We’re not the kind of a family who has big fancy things to pass on from generation to generation. No 19:th century grandfather clock. No Green Bay Packers season tickets. No 1964 1/2 Ford Mustang. No deed to a castle in Romania. It’s not a cultural statement or anything, and it’s not like we frown on things like this, but it’s just not something we have.
I am glad to report, however, that we do have a set of most excellent iron clubs that are now on their third generation in our family.
In 1983 I had been playing golf for about 4-5 years. I was 18 years old, and just finishing High School. I was shooting in the 80s and 90s, and I was already 6ft7 tall. At this time, golf equipment was extraordinarily expensive in my native country of Sweden. It only made sense that I pick up some clubs before I headed back.
Given my height the logical choice was Ping, since at this time they were the only manufacturer who made customized sets. With my measurements, they hooked me up with a set of Green Dot, which is the most upright clubs they made at time, and an inch or two extra on the shaft. Ping had just started making their second generation clubs, the Ping Eye 2, which were even more massively forgiving than the first iteration.
Remember, this was the early 80s. Good golfers played blades. Bad golfers played Ping. Those were about the only two options available.
These clubs were wonderful. Easy to hit, powerful, and consistent. I played them for years and years. When I shot my best score ever, 78 on a par 73 course, it was with the Ping Eye 2s. When I dragged a golf bag and two suitcases on a cross-world trip by bus from Kansas to New York, flight to Dortmund, and train through Europe to come home to visit, it was the Ping Eye 2s. I played them in college. When I and a buddy of mine played 81 holes in a day, it was with the Ping Eye 2s.
Then, the 90s came around. I was newly married and raising a young child. I lived in Chicago, and didn’t really know anyone who played golf. Consequently, I didn’t play a lot of golf. My dad had club envy from the time I brought these clubs home, and I decided to let him have a go with them. HE played them for years. I’d love to know which of the great courses in Scotland and Ireland he dragged them over to, but I’m certain it was more than a handful of recognizable names.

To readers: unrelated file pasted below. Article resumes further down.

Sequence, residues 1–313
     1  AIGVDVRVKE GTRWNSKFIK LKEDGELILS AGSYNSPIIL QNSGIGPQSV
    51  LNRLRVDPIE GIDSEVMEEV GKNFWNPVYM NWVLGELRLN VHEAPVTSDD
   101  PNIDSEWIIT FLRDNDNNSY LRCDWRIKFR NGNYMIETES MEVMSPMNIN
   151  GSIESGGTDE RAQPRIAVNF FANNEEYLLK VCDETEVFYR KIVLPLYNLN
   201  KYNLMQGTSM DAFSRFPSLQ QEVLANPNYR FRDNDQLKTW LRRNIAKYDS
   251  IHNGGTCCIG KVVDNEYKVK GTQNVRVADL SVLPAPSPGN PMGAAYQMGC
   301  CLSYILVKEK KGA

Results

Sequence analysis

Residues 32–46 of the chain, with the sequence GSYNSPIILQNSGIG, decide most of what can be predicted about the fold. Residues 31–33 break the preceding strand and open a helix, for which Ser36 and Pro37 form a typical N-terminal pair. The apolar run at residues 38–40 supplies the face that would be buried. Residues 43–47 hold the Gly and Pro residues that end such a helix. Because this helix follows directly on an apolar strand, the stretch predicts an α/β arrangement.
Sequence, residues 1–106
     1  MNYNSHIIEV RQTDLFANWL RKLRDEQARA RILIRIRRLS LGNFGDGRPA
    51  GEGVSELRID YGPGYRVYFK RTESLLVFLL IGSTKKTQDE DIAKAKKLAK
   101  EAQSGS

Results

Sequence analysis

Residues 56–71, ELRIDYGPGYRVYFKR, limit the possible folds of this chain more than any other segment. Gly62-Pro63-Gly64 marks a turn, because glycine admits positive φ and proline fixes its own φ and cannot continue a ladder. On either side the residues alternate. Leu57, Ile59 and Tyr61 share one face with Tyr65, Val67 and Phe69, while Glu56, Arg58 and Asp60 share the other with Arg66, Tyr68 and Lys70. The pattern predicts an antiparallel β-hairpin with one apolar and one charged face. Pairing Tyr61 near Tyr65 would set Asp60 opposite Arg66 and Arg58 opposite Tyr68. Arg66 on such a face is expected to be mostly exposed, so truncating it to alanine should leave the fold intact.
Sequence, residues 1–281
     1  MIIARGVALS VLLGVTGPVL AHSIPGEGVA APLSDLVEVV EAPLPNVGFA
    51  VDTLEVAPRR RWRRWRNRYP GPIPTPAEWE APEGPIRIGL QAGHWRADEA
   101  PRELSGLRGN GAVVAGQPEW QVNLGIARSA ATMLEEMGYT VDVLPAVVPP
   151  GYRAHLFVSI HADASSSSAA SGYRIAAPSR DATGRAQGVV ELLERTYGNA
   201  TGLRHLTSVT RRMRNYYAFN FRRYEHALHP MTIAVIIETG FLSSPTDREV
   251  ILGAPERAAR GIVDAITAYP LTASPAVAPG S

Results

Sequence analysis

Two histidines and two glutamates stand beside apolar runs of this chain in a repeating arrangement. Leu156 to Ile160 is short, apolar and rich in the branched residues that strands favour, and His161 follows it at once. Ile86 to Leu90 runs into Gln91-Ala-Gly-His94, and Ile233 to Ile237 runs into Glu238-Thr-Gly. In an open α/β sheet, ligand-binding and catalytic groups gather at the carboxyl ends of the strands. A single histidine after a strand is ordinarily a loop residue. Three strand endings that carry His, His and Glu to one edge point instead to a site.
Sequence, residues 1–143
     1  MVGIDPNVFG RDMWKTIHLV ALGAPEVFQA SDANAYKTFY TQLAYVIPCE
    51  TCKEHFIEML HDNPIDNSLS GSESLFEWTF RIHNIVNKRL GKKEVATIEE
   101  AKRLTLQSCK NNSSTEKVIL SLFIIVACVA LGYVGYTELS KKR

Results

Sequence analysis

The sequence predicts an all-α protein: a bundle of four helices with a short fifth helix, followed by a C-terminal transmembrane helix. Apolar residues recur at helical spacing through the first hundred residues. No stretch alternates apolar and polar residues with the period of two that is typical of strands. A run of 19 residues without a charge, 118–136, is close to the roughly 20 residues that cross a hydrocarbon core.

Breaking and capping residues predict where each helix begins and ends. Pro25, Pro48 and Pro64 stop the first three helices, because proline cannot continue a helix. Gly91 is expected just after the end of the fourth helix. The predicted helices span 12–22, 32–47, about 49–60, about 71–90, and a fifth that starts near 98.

Eventually he found a new set he couldn’t live without, and returned them to me around 2000. I had just moved to Dallas, and was playing a bit more frequently. Starting in 2008 I got back serious about the game, and was still enjoying them. Shot several rounds in the low 80s.
Eventually, in 2010, I realized technology had come some distance in 27 years, and I replaced them with a set of Ping i15s. Initially I was going to get the G15s, but the i15s felt a lot more like my old buddies. I did the math, and realized that if I were to keep my new clubs as long as I had kept my old ones I’d be 72 years old when I went shopping again. Maybe there are some Ping i85s in my distant future.
So, I stuck them in the garage. As you can see by the rust coloration, I also had pool chemicals in the garage. I wasn’t about to get rid of them, but I didn’t think they’d be getting any more real use.
Lo and behold, last fall, my offspring Logan is down visiting. He’s picking up the game, and needs some new clubs. I can’t think of any better set for him to learn the game with than my old classics. A few weeks later they’re in a Fedex box traveling to Chicago. He’s taking a golf class in college this semester, and I can’t wait to get out to play a round with him.
As I’m thinking about this I can’t help but to have flashbacks to that scene in Pulp Fiction when Christopher Walken is telling the story about the watch to his buddy’s son. To paraphrase, “And now, little man, I give this uncomfortable chunk of metal to you”.
Keep’em in the short stuff.